Robson was born in South Shields, County Durham, of Scottish descent to a family of six siblings. Many of her forebears were engineers, mostly in shipping. Her father was a ship's engineer who moved from Wallsend near Newcastle to Palmers Green in 1907 and Southgate in 1910, both in north London, and later to Welwyn Garden City.
Her father discovered that Flora had a talent for recitation and, from the age of 5, she was taken around by horse and carriage to recite, and to compete in recitations. This established a pattern that remained with her.
Robson made her stage debut in 1921. By the 1930s she was appearing in several prominent films both in the UK and in Hollywood, alongside such stars as Laurence Olivier, Paul Muni and George Raft. Her most notable role was that of Queen Elizabeth I in both Fire Over England (1937) and The Sea Hawk (1940). In 1934, Robson played the Empress Elizabeth in Alexander Korda's Catherine the Great (1934). She was nominated for the Academy Award for Best Supporting Actress for her role as Angelique Buiton, a servant, in Saratoga Trunk (1945). The same year, audiences in the U.K. and the U.S. watched her hypnotic performance as Ftatateeta, the nursemaid and royal confidante and murderess-upon-command to Vivien Leigh's Queen Cleopatra in the screen adaptation of George Bernard Shaw's Caesar and Cleopatra (1945).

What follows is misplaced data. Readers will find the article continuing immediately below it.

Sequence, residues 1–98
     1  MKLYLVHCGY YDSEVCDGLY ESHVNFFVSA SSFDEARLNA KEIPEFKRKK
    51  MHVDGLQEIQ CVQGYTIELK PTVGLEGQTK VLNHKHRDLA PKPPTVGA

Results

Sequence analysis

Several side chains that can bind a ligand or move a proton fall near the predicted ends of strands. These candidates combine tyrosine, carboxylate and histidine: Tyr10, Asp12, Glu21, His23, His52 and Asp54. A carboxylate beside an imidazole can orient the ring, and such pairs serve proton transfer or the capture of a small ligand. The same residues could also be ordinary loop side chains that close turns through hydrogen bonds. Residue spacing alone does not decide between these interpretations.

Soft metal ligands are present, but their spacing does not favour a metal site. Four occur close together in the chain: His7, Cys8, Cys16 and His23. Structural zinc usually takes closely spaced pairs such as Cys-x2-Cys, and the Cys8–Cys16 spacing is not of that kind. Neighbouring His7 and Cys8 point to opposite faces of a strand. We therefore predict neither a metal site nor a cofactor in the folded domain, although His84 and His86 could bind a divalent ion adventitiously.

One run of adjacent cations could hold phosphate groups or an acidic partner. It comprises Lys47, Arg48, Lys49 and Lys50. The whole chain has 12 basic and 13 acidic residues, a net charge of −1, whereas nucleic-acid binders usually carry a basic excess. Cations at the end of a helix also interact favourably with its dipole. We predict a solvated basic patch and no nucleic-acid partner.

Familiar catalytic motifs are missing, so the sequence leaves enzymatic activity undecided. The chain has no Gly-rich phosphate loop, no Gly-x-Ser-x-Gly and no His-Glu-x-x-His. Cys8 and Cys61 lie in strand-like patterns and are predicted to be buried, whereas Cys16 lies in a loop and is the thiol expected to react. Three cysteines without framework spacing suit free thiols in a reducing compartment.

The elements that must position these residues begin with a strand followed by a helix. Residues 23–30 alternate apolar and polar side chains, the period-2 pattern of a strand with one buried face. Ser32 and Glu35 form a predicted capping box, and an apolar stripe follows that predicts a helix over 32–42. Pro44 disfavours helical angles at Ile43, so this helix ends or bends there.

After the Second World War, demonstrating her range, she appeared in Holiday Camp (1947), the first of a series of films which featured the very ordinary Huggett family; as Sister Philippa in Black Narcissus (1947); as a magistrate in Good-Time Girl (1948); as a prospective Labour MP in Frieda (1947); and in the costume melodrama Saraband for Dead Lovers (1948). Her other film roles included the Empress Dowager Cixi in 55 Days at Peking (1963), Miss Milchrest in Murder at the Gallop (1963), the Queen of Hearts in Alice's Adventures in Wonderland (1972), and Livia in the aborted I, Claudius in 1937.